On Seder night, we read verses tracing our history to and from Egypt:

אֲרַמִּי אֹבֵד אָבִי, וַיֵּרֶד מִצְרַיְמָה, וַיָּגָר שָׁם בִּמְתֵי מְעָט; וַיְהִי-שָׁם, לְגוֹי גָּדוֹל עָצוּם וָרָב. וַיָּרֵעוּ אֹתָנוּ הַמִּצְרִים, וַיְעַנּוּנוּ; וַיִּתְּנוּ עָלֵינוּ, עֲבֹדָה קָשָׁה. וַנִּצְעַק, אֶל-ה אֱלֹהֵי אֲבֹתֵינוּ; וַיִּשְׁמַע ה אֶת-קֹלֵנוּ, וַיַּרְא אֶת-עָנְיֵנוּ וְאֶת-עֲמָלֵנוּ וְאֶת-לַחֲצֵנוּ. וַיּוֹצִאֵנוּ ה, מִמִּצְרַיִם, בְּיָד חֲזָקָה וּבִזְרֹעַ נְטוּיָה, וּבְמֹרָא גָּדֹל–וּבְאֹתוֹת, וּבְמֹפְתִים. וַיְבִאֵנוּ, אֶל-הַמָּקוֹם הַזֶּה; וַיִּתֶּן-לָנוּ אֶת-הָאָרֶץ הַזֹּאת, אֶרֶץ זָבַת חָלָב וּדְבָשׁ. וְעַתָּה, הִנֵּה הֵבֵאתִי אֶת-רֵאשִׁית פְּרִי הָאֲדָמָה, אֲשֶׁר-נָתַתָּה לִּי, ה; וְהִנַּחְתּוֹ, לִפְנֵי ה אֱלֹהֶיךָ, וְהִשְׁתַּחֲוִיתָ, לִפְנֵי ה אֱלֹהֶיךָ. וְשָׂמַחְתָּ בְכָל-הַטּוֹב, אֲשֶׁר נָתַן-לְךָ – You will answer and say before your God, “The Aramean pursued my father, and he descended to Egypt, and dwelled there, where he became a nation, great and many. Egypt cruelly afflicted us, and they gave us hard labor. We cried out to Hashem, God of our fathers, and He heard our cries, and saw our suffering and affliction. He extracted us from Egypt with a strong hand and an outstretched arm, with great wonders and miracles; and brought us to this place. He gave us this land, flowing with milk and honey. And now, see I have brought my first fruit, which God has granted me, and I place it before God,”. He shall place it before God and bow, and rejoice at all the good he has been given. (26:5-11)

What fascinating is that this exposition isn’t from the primary record in the book of Shemos. It’s from the end of the Torah, about the mitzvos pertaining to the Land of Israel, and this section is part of the prayer recited when a farmer would present the first fruit – ביכורים.

Why does the Haggada quote the paraphrased story and not the original story of the Exodus?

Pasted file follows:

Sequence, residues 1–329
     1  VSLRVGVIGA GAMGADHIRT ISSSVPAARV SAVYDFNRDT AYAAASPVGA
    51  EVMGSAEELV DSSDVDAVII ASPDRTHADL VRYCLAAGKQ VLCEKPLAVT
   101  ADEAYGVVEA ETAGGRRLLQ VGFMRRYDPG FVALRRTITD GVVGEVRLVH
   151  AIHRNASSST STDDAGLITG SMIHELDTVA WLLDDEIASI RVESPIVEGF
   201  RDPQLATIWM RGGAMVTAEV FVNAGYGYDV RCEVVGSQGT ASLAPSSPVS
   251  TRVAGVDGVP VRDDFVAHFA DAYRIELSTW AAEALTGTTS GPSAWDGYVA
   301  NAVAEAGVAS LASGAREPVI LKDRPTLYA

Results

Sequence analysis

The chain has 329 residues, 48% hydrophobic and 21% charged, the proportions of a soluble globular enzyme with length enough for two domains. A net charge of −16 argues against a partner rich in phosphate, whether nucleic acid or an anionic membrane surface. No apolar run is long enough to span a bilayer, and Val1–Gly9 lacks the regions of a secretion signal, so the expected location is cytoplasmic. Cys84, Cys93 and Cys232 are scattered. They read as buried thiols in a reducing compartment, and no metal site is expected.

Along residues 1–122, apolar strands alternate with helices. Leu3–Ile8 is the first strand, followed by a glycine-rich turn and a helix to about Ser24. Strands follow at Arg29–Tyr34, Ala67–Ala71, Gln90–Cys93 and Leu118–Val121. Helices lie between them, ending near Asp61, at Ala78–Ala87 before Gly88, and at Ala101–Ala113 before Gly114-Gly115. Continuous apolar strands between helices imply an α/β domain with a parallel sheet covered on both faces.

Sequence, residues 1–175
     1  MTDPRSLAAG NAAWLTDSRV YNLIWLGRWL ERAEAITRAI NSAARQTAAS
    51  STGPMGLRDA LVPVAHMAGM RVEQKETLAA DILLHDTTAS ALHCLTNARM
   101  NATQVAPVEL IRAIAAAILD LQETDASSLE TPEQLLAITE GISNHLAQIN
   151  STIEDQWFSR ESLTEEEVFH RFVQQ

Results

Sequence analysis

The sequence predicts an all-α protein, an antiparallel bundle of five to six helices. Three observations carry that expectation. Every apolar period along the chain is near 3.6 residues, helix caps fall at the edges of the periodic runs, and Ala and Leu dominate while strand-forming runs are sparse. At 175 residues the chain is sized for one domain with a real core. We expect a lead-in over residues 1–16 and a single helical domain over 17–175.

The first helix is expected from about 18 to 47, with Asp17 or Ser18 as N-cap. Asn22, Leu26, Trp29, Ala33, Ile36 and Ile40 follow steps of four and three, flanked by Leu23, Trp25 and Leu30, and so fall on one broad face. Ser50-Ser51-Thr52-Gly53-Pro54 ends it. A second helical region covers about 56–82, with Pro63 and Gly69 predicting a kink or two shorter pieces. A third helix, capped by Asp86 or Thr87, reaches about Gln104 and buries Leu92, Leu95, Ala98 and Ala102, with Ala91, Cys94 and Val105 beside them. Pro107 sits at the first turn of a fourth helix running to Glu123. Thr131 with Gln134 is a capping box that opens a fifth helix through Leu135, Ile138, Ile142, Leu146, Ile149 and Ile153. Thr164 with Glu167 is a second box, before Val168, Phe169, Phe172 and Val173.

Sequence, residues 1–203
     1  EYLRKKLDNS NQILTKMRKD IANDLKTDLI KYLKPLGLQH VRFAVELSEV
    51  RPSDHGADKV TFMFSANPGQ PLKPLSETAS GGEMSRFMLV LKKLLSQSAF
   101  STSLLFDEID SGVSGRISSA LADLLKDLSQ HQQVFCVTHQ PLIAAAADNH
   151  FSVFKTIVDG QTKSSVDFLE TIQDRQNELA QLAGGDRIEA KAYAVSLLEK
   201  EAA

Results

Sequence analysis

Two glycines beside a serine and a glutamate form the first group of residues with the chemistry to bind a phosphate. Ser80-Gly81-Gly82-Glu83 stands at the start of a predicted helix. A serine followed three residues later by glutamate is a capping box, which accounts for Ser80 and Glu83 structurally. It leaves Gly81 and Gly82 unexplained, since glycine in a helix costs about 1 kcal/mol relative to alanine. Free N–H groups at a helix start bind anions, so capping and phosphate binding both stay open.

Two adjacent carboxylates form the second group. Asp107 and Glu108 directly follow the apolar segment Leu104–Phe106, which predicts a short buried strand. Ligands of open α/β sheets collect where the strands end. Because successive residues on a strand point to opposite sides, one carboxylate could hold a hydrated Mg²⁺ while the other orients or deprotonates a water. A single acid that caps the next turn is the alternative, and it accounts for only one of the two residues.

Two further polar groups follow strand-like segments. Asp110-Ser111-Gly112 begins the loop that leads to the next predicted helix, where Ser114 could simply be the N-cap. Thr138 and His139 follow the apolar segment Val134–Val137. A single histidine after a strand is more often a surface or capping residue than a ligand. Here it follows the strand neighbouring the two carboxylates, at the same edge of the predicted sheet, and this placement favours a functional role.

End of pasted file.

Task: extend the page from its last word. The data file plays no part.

The Sefer HaChinuch explains that the mitzvah of Seder night is not accomplished just by telling stories; we need to express gratitude, which the historical sections do not have.

The sections about the mitzvos of the Land of Israel sharpen our appreciation for the Exodus, because having once been oppressed slaves in Egypt, we have a finer understanding of what it means to be free.

The most common sacrificial offering was for thanksgiving – the Korban Toda – which was brought if someone was released from jail; crossed an ocean or a desert; or recovered from illness. It provides a template for gratitude.

The offeror presented a sheep with 40 loaves of bread and had to finish the entire feast within a day. No-one could or should eat a whole sheep or 40 loaves of bread, let alone both; you’d have to invite your friends and family to finish it before the evening.

The Abarbanel notes that the Korban Pesach is essentially a national Korban Toda; the Jewish People were liberated from slavery; crossed an ocean and a desert; and when they stood at Sinai, were healed of all sickness.

Accordingly, it makes a lot of sense that the Hagada quotes from the first fruits because the goal of Seder is to appreciate all our blessings publicly.

The blessing’s conclusion sums it up perfectly – וְשָׂמַחְתָּ בְכָל הַטּוֹב אֲשֶׁר נָתַן לְךָ ה אֱלֹהֶיךָ וּלְבֵיתֶךָ – you should rejoice in every single thing Hashem does for you.

Gratitude is a pervasive and recurring theme, not just in Judaism, but in a good life. Take each opportunity to count your blessings with your family and friends.